Made on a budget of over US $ 30 Million, Chan makes sure all the money is on screen. The set alone reportedly took over four months to construct, where a good number of the films action scenes take place. Chan also manages to get great performances from his actors, a number of which he has worked with in the past, with only one of them being guilty of going over the top. The action scenes, with fight choreography by Sammo Hung, are also some of the best action scenes Benny Chan has shot and the quality of the action makes the film a standout from similar fare. The action is also surprisingly brutal, with a good number of people being cut and impaled. Benny Chan also worked as the films main producer as well as being one of the credited script writers.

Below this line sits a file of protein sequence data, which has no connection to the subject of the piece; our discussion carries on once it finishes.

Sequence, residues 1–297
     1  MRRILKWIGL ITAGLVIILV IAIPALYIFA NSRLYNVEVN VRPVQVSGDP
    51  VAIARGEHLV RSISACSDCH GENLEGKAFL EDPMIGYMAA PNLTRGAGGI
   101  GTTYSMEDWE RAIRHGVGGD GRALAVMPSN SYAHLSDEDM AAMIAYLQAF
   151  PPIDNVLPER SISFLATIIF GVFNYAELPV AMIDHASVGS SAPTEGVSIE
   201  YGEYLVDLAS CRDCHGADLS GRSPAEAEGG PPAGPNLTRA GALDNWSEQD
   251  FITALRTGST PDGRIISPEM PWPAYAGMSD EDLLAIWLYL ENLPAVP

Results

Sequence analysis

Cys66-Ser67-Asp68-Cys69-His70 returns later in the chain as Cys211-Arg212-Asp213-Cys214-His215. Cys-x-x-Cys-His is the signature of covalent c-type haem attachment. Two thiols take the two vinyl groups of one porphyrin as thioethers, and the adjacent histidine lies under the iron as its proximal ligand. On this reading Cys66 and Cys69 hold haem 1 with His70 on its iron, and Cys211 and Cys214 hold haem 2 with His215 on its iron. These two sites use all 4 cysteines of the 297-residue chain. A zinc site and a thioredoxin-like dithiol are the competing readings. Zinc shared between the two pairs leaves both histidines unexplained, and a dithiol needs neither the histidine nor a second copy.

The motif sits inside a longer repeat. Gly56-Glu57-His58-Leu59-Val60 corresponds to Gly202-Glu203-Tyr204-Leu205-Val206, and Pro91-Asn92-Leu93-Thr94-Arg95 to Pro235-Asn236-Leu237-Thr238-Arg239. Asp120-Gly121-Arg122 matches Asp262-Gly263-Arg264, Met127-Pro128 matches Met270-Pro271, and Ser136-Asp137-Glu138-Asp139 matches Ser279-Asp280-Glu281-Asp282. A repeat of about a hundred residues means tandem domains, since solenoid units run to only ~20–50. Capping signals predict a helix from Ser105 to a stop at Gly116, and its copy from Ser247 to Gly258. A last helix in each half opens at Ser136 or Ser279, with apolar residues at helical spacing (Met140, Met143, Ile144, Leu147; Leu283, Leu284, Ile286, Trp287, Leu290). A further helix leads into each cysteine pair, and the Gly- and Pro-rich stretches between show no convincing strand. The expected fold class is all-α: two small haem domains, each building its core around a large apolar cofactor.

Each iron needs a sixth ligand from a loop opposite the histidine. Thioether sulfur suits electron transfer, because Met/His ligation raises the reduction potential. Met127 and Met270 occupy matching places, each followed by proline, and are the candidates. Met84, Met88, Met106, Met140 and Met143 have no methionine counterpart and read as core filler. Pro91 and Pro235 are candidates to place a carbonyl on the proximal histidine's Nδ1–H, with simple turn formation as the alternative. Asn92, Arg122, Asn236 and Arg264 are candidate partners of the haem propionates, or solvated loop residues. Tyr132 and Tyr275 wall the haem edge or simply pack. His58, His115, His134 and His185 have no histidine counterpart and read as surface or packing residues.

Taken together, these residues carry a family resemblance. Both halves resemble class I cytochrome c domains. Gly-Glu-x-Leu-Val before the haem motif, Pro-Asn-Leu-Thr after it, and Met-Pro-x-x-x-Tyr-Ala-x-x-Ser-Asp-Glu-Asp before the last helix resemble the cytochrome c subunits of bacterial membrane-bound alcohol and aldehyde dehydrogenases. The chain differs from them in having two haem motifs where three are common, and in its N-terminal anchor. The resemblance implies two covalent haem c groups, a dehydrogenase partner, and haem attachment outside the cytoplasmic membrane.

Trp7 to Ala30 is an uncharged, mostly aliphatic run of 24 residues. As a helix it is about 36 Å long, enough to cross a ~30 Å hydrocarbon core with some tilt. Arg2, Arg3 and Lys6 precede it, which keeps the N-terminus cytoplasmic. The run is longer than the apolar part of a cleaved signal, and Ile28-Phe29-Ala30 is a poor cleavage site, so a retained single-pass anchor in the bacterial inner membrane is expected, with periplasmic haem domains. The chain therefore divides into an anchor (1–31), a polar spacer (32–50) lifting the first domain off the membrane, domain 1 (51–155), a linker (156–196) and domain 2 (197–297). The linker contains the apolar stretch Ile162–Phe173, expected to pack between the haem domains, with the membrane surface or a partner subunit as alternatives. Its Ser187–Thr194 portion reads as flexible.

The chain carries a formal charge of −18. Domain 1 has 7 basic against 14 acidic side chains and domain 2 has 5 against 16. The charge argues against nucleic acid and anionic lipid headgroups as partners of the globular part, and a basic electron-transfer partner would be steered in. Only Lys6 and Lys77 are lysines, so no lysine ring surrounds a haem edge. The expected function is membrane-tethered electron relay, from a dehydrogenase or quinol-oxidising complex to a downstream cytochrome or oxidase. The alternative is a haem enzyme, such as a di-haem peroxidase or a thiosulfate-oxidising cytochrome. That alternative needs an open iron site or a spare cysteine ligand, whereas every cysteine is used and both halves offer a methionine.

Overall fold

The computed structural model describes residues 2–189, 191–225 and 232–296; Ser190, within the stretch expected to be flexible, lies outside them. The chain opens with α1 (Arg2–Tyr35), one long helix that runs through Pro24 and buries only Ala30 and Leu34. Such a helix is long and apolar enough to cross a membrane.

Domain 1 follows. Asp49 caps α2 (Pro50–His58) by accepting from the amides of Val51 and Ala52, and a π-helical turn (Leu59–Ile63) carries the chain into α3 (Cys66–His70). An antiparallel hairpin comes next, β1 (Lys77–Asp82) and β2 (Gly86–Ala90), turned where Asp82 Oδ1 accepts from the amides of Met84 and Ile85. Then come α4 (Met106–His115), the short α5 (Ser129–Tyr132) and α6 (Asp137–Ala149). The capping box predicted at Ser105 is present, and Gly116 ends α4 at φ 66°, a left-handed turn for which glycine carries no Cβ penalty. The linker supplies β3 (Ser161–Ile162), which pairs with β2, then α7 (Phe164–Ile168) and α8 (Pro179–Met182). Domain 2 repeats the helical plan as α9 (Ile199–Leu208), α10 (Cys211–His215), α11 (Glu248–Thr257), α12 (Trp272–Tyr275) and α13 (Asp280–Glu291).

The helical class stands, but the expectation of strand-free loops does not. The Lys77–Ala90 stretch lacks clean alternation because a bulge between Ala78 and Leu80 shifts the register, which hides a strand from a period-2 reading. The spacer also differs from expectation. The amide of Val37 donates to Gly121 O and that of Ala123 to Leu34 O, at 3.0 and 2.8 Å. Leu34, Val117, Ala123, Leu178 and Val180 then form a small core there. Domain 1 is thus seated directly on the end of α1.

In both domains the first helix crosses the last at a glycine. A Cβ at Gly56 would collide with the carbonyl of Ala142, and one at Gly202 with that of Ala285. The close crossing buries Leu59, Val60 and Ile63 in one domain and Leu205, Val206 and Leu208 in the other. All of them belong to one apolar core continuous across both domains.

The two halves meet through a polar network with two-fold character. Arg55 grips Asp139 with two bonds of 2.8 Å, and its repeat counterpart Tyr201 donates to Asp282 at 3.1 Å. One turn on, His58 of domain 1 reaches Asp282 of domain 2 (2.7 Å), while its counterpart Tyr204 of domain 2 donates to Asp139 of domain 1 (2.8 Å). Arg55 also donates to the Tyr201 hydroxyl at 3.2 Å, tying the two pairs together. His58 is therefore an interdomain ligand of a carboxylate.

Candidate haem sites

Lau Ching Wan has made a number of action films during his career, such as the Johnnie To film A Hero Never Dies (1998) and Lo Chi-leung’s The Bullet Vanishes (2012), but most of the time it is of the shooting variety, not calling for him to take part in hand to hand combat. He equips himself well in the film’s many fight scenes, only being stunt doubled for some of the more difficult moves that are required. Lau Ching Wan lends the film gravitas that a qualified martial artist may not be able to deliver. His character is a normal man pushed to take action, and unlike having a Donnie Yen or Jet Li in the role, there is an apprehension that he won’t make it out of the film alive. This was also the third film that Lau Ching Wan has worked on with director Benny Chan. They had previously worked on Big Bullet, and Chan’s previous film The White Storm.